By AnnaMaria Andriotis and Amber Burton
Credit card rewards generally fall into two categories: ambitious (upgrade to first class flight, get free hotel stay) or practical (get cash back). But what if you could cover the cost of space travel or pay off your student loan?
Visa Inc., Mastercard Inc. and the big banks are revising their rewards programs to meet the needs of young customers who want to use their cards to build wealth or get out of debt, not just to accumulate benefits. Newcomers to financial technology, or fintech, offer niche rewards to better compete with established players.
Companies are also re-evaluating travel rewards programs. According to Bankrate, around 30% of rewards credit card holders did not redeem rewards in 2020, leading some issuers to believe there is a market for more innovative rewards. The effects of the pandemic on travel and dining have only reinforced this surge. One day, intrepid spenders could redeem hundreds of thousands of card points for a ticket to orbit, according to Visa.
Here are five rewards offerings you’ll likely see in the years to come, according to card industry executives and fintech companies.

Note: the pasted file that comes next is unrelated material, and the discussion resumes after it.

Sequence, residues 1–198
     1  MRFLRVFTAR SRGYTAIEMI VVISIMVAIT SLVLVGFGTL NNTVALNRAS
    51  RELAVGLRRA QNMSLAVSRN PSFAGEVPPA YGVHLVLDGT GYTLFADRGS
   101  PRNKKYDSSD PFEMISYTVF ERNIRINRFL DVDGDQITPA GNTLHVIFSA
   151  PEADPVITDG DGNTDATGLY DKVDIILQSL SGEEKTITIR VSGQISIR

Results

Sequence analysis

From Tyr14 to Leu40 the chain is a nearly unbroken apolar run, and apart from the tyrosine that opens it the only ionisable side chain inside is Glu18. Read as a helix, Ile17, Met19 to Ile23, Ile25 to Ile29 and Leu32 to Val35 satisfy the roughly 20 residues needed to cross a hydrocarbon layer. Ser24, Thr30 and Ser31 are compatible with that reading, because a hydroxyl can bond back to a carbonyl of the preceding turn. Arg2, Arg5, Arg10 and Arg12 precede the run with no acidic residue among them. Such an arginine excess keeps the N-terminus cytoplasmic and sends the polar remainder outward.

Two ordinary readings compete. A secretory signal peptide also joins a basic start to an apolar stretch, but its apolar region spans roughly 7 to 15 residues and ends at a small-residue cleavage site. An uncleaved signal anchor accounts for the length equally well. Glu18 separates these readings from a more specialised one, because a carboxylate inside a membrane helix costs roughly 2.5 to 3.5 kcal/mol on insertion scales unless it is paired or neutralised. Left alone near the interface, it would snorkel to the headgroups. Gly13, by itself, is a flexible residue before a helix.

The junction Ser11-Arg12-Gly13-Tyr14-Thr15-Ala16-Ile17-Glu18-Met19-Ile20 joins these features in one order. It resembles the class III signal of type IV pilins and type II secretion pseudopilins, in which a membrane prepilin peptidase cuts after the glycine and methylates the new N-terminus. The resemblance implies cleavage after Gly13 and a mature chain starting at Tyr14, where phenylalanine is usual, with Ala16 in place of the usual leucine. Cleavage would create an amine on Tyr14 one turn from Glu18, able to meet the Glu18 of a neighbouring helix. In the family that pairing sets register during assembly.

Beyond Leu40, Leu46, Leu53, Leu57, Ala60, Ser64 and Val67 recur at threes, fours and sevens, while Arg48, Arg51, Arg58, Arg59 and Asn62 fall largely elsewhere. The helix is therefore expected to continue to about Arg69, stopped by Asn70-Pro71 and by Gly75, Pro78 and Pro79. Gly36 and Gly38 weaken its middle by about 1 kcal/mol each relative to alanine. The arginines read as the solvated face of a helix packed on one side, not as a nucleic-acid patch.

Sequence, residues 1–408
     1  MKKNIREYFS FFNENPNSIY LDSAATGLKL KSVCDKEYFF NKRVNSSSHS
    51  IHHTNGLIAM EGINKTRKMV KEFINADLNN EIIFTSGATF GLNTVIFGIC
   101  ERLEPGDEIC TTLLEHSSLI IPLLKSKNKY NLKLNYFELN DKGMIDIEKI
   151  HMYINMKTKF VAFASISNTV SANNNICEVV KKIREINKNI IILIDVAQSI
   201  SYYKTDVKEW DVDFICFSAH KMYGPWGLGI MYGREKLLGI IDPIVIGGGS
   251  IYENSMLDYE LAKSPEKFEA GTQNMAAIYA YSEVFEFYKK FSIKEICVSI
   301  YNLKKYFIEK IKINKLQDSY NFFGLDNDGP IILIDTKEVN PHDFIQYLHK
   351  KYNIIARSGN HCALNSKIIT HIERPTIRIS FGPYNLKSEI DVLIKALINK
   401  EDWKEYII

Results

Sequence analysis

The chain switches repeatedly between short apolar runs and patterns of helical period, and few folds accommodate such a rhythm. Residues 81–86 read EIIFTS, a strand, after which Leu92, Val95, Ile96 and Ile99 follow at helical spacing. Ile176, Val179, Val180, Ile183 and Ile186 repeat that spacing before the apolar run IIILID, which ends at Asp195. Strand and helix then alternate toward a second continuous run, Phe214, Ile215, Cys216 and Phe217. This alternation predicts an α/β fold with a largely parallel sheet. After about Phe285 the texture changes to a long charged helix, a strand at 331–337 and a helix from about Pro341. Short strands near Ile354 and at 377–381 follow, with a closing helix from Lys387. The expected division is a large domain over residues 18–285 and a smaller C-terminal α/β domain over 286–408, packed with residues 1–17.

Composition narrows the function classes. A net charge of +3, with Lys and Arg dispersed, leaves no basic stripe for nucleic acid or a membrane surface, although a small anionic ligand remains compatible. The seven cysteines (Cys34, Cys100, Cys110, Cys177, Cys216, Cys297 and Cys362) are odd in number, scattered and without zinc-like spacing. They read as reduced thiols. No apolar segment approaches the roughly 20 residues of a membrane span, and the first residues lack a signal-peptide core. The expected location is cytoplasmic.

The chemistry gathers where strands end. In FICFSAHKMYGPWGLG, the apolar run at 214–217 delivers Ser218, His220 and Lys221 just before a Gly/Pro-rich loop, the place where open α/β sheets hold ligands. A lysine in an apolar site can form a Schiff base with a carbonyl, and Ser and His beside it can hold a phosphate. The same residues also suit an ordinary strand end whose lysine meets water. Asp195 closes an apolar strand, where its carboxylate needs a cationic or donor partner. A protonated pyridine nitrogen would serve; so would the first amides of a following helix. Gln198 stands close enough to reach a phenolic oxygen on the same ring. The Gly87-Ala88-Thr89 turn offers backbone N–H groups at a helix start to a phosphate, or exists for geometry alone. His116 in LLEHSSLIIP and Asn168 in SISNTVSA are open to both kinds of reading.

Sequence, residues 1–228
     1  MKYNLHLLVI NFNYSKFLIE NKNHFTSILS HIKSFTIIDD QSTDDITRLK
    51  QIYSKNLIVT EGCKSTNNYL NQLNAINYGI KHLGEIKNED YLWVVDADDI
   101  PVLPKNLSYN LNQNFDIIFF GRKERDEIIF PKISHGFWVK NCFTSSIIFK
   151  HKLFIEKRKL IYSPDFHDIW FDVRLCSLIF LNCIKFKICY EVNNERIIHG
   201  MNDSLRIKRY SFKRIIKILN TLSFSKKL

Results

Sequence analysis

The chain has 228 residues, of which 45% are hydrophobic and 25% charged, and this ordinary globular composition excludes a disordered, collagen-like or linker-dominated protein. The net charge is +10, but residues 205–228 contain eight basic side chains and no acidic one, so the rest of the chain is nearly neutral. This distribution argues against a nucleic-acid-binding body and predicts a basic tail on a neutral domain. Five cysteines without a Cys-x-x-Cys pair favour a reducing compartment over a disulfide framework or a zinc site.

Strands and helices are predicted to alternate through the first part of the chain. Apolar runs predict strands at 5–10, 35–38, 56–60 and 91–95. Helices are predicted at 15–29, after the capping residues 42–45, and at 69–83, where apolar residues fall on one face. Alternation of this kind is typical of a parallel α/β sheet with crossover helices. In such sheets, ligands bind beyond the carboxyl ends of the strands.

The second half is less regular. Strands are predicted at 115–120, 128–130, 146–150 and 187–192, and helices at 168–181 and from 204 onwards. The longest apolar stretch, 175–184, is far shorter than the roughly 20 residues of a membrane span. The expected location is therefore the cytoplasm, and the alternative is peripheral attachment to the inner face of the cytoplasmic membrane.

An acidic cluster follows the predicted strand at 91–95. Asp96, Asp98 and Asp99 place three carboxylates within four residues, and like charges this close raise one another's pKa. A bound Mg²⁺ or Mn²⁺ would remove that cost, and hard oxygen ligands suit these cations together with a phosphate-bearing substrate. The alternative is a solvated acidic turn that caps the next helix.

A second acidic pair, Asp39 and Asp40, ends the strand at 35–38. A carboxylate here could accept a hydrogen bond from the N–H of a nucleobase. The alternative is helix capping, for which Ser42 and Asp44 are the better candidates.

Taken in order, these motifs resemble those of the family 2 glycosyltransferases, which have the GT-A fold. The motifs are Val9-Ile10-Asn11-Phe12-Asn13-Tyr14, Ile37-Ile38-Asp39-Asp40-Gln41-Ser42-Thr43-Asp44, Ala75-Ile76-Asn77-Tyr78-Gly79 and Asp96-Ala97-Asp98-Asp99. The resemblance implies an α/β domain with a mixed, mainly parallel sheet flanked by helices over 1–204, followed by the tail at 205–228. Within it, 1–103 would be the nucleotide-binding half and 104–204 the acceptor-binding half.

Reduce your student loans
With some 45 million Americans owing an estimated $ 1.7 trillion in student loan debt, more lenders are considering rewards programs that would allow cardholders to put money back on loan payments. .
Fintech startup Social Finance Inc. launched a credit card in March that offers up to 2% cash back, which can be converted to pay off student loans cardholders have with the company, among others.
In the future, similar cards would be offered to graduate students and as a redemption option on existing cards, says Mladen Vladic, general manager of loyalty at Fidelity National Information Services Inc., which manages the rewards programs. many banks.
Cover your rent
Another big expense for cardholders? To rent. Many landlords do not accept credit card rent payments due to fees charged by the card issuer and the payment network.
Visa and Mastercard are working on initiatives that they hope will increase the acceptance of cards for rent payments, but in the past their efforts have not progressed much due to the fees.